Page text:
Council jobs to go due to Government cuts
Council briefs workers on planned cutbacks
NORTH Devon Council estimates it will have to axe 50 jobs over the next four years due to Government spending cuts.
The council, which employs 525 workers, said that most would be lost through retirement and natural wastage and that �400,000 worth of savings had already been identified through consultations with staff.
Workers across all departments are being kept informed about planned cutbacks at a number of special staff briefing sessions, the North Devon Gazette has learned.
A meeting was held at the Brynsworthy Environment Centre on Monday following earlier briefings at the Civic Centre on Tuesday, Thursday and Friday last week.
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“Provided we get it right and as long as there are no major surprises, we should lose no more than 50 jobs over the next four years,” said council leader Des Brailey.
“Clearly in some areas we have to be more circumspect but we are not looking at any enforced redundancies.
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“We can’t easily afford to lose a lot of jobs in the public sector because it will not help the local economy. These jobs make up a huge part of the area’s economy and to decimate that would only increase the number of people claiming benefits.”
“The message to staff now is the same as it was 18 months ago; all along, we have said that protecting frontline services is paramount and if we get it right, the changes should all be transparent to the general public.”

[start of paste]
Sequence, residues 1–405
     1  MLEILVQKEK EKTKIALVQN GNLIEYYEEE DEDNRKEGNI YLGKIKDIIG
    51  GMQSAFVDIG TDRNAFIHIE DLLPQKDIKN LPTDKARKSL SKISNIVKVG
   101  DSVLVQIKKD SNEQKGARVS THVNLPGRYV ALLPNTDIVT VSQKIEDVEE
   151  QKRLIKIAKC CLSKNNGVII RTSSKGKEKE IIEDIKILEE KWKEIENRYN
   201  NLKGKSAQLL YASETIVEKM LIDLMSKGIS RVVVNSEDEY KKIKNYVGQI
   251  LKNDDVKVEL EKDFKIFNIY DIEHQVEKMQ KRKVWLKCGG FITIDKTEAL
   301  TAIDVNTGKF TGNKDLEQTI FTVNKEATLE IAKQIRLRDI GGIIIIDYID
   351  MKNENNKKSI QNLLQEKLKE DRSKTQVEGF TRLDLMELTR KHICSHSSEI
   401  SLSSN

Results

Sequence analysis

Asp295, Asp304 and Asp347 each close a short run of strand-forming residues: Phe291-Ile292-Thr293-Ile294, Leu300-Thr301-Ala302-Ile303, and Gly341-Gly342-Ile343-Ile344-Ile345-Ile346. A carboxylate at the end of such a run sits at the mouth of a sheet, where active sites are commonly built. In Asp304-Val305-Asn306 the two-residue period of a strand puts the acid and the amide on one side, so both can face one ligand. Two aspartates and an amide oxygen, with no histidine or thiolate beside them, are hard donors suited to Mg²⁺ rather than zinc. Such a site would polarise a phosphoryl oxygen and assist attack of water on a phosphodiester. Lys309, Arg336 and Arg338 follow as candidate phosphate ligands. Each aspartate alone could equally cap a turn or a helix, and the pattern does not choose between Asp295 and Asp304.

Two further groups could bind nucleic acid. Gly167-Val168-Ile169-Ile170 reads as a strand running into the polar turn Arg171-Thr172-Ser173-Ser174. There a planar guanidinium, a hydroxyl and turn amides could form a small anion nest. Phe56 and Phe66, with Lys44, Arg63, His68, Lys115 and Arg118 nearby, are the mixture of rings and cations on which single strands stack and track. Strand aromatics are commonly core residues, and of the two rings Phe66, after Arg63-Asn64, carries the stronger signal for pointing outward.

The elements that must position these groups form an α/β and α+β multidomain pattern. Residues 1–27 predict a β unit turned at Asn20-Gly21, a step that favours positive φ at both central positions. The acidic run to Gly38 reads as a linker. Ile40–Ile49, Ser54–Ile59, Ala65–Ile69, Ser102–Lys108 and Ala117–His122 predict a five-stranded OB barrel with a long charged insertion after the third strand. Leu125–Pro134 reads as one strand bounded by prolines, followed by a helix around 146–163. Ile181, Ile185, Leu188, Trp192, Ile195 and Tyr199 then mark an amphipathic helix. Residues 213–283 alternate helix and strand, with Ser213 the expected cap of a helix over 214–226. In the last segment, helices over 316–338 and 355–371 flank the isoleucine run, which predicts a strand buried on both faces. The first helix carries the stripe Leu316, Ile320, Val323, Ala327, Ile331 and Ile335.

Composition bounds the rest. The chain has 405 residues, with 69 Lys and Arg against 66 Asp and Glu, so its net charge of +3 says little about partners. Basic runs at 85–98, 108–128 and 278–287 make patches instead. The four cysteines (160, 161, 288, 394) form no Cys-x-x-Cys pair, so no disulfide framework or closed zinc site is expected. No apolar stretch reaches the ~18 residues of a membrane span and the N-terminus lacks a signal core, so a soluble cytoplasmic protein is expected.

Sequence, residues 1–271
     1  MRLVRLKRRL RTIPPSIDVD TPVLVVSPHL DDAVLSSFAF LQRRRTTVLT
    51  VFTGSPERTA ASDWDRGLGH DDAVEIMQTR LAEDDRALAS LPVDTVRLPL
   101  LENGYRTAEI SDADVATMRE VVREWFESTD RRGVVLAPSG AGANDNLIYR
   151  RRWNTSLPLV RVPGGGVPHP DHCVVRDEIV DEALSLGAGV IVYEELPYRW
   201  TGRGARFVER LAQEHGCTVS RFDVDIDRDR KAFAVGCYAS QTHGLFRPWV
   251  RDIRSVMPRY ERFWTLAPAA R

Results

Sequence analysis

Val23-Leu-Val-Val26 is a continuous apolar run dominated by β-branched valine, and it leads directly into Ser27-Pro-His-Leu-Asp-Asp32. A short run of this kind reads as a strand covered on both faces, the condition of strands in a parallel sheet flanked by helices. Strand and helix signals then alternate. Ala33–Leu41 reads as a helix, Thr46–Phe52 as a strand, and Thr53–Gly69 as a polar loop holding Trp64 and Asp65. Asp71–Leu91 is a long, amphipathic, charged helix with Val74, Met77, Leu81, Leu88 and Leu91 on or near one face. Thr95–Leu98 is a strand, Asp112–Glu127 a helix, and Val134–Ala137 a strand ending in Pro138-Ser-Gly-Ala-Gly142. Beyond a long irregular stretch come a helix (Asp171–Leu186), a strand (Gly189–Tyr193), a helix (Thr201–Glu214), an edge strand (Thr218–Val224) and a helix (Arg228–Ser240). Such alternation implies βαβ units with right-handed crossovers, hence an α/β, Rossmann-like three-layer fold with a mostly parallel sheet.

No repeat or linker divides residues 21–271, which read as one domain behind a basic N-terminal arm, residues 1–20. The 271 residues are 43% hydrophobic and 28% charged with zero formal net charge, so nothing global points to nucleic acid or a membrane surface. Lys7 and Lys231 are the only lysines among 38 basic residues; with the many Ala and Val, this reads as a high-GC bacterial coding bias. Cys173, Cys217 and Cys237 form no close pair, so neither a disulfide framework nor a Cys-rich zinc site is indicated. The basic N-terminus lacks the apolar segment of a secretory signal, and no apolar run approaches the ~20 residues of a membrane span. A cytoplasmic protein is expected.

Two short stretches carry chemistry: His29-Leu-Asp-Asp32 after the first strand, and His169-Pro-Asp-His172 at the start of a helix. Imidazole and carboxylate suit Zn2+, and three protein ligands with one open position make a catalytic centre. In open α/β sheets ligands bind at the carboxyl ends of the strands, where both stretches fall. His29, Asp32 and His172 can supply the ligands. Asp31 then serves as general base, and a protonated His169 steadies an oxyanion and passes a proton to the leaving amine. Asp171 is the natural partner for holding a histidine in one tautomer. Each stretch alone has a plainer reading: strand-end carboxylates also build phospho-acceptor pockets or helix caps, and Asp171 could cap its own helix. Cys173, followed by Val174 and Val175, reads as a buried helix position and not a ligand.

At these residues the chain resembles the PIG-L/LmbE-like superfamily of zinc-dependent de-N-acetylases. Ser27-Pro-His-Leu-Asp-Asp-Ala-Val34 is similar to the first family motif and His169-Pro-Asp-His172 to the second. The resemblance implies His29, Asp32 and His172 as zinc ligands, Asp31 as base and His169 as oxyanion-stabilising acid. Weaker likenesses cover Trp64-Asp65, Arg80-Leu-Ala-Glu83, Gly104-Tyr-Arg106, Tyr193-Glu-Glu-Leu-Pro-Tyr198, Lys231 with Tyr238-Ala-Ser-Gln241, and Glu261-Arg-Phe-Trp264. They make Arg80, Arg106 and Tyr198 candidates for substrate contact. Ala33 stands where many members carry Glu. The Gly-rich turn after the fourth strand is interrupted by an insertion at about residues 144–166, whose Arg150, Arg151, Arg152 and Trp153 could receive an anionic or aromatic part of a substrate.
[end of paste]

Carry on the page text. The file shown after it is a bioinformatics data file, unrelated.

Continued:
Cllr Brailey said that the council had been looking at staffing positions for the last two years and that service management teams had been given a mandate to only replace essential personnel.
He said the council normally began looking ahead to the following year’s budget in November, but this year, work on next year’s forecasts started in July.
“Managers across all departments have been set targets of reducing their budget and making savings of 12 per cent,” said Cllr Brailey.
“All have responded positively and all come back this week with ways of saving money.
“We are on course to make the savings without any major dramas but we need to keep our noses to the grindstone and get on with it.”
Cllr Brailey said a decision to cancel lease cars next April for 50 members of staff – including the new chief executive – had been unpopular, but would save �150,000.
“People don’t want to lose a perk they are used to receiving but most have accepted it,” he said.
“We will be offering those with lease cars an amount of money to help them to buy a car so it won’t make a big impact on savings in the first year but it’s another way of keeping people in employment.
“The bottom line is that it’s a case of lose the cars or lose six jobs.”
He also said that uncertainty over the funding and administration of concessionary bus passes for the over 60s meant the council would know more about its financial position by the end of the year.
“We should know more about our settlement in early December and will be holding further briefings with staff in the New Year to keep them informed,” he said.